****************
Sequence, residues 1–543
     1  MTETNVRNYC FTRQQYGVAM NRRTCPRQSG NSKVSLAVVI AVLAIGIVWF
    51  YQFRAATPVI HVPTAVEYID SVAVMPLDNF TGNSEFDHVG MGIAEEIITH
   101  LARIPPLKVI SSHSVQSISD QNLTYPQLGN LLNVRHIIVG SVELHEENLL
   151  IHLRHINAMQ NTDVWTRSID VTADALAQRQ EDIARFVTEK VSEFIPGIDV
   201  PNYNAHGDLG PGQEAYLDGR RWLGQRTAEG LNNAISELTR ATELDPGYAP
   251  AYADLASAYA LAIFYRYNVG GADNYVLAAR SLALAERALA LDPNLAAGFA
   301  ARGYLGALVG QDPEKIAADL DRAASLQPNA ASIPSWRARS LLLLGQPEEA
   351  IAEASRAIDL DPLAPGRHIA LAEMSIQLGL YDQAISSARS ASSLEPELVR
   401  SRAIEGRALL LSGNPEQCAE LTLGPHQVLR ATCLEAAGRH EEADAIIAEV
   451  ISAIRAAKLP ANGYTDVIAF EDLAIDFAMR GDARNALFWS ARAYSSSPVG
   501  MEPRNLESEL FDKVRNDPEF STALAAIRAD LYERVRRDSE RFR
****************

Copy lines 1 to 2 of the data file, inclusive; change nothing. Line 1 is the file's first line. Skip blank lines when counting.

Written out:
Sequence, residues 1–543
     1  MTETNVRNYC FTRQQYGVAM NRRTCPRQSG NSKVSLAVVI AVLAIGIVWF